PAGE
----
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JULY 1829. the benefit of Scottish creditors; and in turn, they will not

in England, permit a Scottish creditor to come in under Robinson

" the assignment for a share of the bankrupt's estate, unless Rapelye and their priorities at home be relinquished. That an assignSmith.

ment under the bankrupt laws of a foreign State, would not be supported here against our own attaching creditors, can

not at this day be controverted upon principle or authora Topham v. ity.a Chapman... One objection to voluntary assignments like this, is, 1 Const. Rep. 229, 20 Johns. that they may be used in aid of foreign bankrupt laws, and Rep. 229. 259. if enforced here against our own creditors, every foreign 1 Doug. 170, 4 Day's Rep. bankrupt may establish and dictate to our citizens, an in146. 5 Mass. dividual bankrupt law of his own. Support this assignRep. 42. 5 Cranch 289. ment against our attaching creditors, and you send our own 6 Binney 353. citizens abroad to collect their debts: you permit interest4 Johns. Ch. Rep. 460.

ed foreign merchants to change the party liable, and no summary mode of redress against fraudulent assignees exists in such cases, as in cases of bankruptcy. Nor can it be expected, in general, that such voluntary assignments, where the assignees are chosen by the bankrupt himself, will be conducted with the same propriety and justice, as assignments under the foreign bankrupt laws. It would consequently be more dangerous for our Courts to sustain

voluntary assignments like the present, than to adopt and 0 4 Day's Rep. enforce the bankrupt laws of foreign States.b Voluntary Rep. 144.

S. assignmentsin England of the character of theone now under

IDS entschgland 13 Mass. Rep. consideration, are void, because they operate against the poli

cy of the bankrupt laws. They should be held void here, when made abroad, because they operate against thc policy of our attachment laws, which allow a citizen to attach the effects here, of a non resident, to satisfy his demands.

The deed of assignment itself is void and fraudulent as to creditors. An assignment made of all the effects of the assignor is fraudulent if it reserves a trust to the assignor. Now the assignment in question contains a trust for the benefit of the assignors; the effects assigned, are according to the deed of assignment, to be appropriated to the pay ment of such creditors as shall sign the deed, release, &c. in certain periods mentioned. No creditors who do not make themselves parties to the deed and release, are to be paid any thing. Now suppose no creditor chooses to accept the terms offered in such an assignment, or only a few, upon a secret understanding, and whose debts would consume but a small share of the property assigned, I would ask if the property assigned, or the surplus, would not be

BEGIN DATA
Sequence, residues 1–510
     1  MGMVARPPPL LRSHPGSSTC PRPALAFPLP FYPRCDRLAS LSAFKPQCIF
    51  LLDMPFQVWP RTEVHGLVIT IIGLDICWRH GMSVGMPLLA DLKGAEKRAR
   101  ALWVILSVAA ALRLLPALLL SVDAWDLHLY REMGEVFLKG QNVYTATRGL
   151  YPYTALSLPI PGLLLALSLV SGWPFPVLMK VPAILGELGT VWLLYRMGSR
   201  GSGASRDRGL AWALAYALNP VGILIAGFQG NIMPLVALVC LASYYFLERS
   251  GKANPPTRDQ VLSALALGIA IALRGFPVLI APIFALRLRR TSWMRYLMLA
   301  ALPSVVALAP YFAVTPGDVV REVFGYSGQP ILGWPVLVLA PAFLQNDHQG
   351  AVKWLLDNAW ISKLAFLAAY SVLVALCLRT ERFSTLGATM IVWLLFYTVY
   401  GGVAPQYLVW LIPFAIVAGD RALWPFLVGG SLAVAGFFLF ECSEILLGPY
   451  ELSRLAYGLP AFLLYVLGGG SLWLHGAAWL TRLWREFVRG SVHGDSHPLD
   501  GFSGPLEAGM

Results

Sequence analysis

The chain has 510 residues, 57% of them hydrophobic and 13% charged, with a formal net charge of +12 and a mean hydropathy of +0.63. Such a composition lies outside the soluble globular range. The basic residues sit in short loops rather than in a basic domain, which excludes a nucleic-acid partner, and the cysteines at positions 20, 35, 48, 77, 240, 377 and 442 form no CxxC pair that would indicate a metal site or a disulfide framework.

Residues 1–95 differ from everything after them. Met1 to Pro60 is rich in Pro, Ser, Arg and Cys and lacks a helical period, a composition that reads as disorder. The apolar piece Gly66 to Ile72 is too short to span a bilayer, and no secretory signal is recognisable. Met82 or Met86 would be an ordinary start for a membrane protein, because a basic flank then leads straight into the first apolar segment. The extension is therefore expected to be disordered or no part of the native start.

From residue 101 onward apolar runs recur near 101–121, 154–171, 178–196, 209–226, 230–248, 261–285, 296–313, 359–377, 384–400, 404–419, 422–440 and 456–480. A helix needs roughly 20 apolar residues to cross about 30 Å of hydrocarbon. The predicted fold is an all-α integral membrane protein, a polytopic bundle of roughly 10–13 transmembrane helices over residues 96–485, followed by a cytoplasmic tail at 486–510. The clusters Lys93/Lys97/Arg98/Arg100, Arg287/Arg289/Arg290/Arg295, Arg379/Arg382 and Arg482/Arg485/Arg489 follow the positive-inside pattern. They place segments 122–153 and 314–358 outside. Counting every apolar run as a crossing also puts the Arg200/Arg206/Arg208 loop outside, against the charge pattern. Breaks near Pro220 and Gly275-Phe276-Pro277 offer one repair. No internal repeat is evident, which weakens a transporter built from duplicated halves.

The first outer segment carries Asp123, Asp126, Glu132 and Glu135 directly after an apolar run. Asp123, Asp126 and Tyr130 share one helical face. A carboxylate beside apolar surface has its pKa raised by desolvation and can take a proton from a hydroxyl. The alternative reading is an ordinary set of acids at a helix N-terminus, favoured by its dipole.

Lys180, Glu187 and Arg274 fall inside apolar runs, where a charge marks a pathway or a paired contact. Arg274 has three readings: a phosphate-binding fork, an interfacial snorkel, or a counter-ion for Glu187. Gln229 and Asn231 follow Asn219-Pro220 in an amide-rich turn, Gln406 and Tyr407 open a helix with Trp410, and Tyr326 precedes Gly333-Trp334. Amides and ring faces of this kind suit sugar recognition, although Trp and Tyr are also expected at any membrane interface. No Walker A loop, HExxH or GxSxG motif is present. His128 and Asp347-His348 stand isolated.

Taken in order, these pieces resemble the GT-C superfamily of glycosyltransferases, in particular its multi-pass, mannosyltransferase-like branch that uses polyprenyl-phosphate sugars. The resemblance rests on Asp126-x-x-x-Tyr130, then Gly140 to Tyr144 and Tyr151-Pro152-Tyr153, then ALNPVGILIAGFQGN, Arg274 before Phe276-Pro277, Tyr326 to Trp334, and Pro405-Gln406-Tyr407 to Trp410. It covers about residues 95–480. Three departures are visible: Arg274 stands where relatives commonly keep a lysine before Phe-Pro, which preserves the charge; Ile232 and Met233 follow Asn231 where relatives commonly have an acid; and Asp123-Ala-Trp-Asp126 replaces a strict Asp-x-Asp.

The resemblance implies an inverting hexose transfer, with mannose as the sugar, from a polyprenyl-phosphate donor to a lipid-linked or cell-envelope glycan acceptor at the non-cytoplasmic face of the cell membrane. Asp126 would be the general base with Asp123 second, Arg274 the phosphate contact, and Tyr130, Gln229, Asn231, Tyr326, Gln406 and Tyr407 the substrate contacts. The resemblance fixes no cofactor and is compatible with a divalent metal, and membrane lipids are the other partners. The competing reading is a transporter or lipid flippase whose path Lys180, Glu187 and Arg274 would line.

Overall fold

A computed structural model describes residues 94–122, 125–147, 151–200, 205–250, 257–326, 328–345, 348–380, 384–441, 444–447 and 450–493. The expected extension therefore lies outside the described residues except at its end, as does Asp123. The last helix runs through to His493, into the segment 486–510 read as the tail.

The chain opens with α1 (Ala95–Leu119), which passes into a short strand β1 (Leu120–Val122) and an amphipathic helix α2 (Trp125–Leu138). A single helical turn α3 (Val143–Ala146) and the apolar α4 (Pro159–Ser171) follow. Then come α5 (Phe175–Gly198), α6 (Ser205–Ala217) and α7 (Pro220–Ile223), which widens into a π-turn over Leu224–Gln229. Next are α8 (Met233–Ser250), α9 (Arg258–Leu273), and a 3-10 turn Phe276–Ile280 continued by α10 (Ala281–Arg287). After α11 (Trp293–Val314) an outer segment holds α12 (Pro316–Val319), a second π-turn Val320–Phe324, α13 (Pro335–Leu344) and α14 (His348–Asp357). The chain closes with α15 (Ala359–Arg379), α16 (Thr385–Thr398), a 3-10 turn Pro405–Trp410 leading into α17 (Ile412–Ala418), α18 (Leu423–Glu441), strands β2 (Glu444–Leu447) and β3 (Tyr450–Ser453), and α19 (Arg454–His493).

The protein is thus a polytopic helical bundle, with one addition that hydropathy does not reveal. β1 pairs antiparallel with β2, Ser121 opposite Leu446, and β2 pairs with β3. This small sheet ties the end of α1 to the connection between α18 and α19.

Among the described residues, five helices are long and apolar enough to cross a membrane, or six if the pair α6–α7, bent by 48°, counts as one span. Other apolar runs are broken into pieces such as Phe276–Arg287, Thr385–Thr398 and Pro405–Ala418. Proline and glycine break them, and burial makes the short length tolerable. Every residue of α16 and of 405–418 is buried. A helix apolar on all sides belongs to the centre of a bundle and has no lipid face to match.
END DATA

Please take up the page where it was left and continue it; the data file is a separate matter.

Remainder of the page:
146. 5 Mass.

146, 17 Mass. Rep. 454.552.


972. Phenix

held by the assigness for the use of the assignors? Iran 'LY 1920. assignment like the present could be supported, it would

Robinson be easy to place property out of the reach of creditors; only assign your effects to a pliant trustee, upon an agreement Rapelye and with all your creditors except the one intended to be

Smith fleeced, that they will not become parties to the deed, and then, if the terms prescribed in the deed be so unreasonable that the intended victim will not accept them, the property assigned, no matter where it may be situated, is cifcctually put beyond his reach.

The proof of the execution of the instrument is insufficient to authorize this Court to recognize it; the making, sealing and delivery of the deed, is not established according to the rules of law.

HITCHCOCK and Elliott, for the defendants in error, argued that the deed of assignment was not void or fraud

a Marbury v. ulent in law, and that a debtor could legally prefer one cre- Brooks. ditor to another; that wherever, according to the English ? authorities, assignments not fraudulent in point of fact vi assignees, have been set aside, in consequence of the preference giv- of Ingrahain,

5 Johns. Rep. en by the debtor in embarrassed or insolvent circumstan- 412. 3 Johns. ces, to a particular creditor or creditors, it was in cases in Rep.72.

20 Johns.229. which their Courts invariably assumed the position that the assignment was exccuted contrary to the spirit of, or in contravention of the provisions of the bankrupt law of England;' that issues not having been tendered to contro- 'Brows vert the shewing made, or the facts stated in the answer of 5 Enst. 125.

Ingliss et al. the garnishces, that all the facts stated in the answer were to be taken as true,c and that therefore the plaintiffs were 5 Term 530. precluded from contending that the parties were under any Ceremon

e parties were under any gan, 1 Stewlegal disability, or that the deed was not duly executed, arts R. 9. or that it was not supported by adequate consideration, or in a word, that it was fraudulent; because the answer was not traversed. They further argued, that no judgment could be rendered against the garnishees, nor against the defendants in attachment, because, unless the garnishees were liable, the process of attachment being a proceeding in rem, there was nothing subject to the attachment upon which a judgment could be legally predicated; and that d3John. R.7%. therefore, the judgment should be affirmed. KELLY, in conclusion.

The cause was argued at the July term, 1929, of the Court, and held under advisement, and after a second argu

b Potter v.


v. Grant.

JULY 125. ment at this term, the opinion of the majority of the Court

ve was delivered Robinson. Rapelye and By JUDGE COLLIER. On the answers of the gar. Smith.

nishees, the plaintiff's moved the Court below for a judgment against them; which motion was overruled, and a judgment rendered by which they were discharged. The correctness of which judgment is now assigned for error. In determining this question, two points are presented: 1. The legality of the deed which accompanies the answer of Messrs G. G. & Co. 2. The extent and effect of its operations.

The counsel of the plaintiff insists, that the deed cannot be recognized as valid, and that it is a fraud in law upon the creditors of the assignors who have not executed it, for these causes:

Ist. Because there is no proof of execution by the as. signors, trustees, or any of the creditors, nor of the delivery of the property conveyed.

2d. Because there is no specific description of the lands, personal estate, notes, accounts, &c. and the debts proposed to be secured.

3d. Because it gives a preference to some of the creditors over others.

4th. Because it is in itself the making of a bankrupt law, for the benefit of the assignors.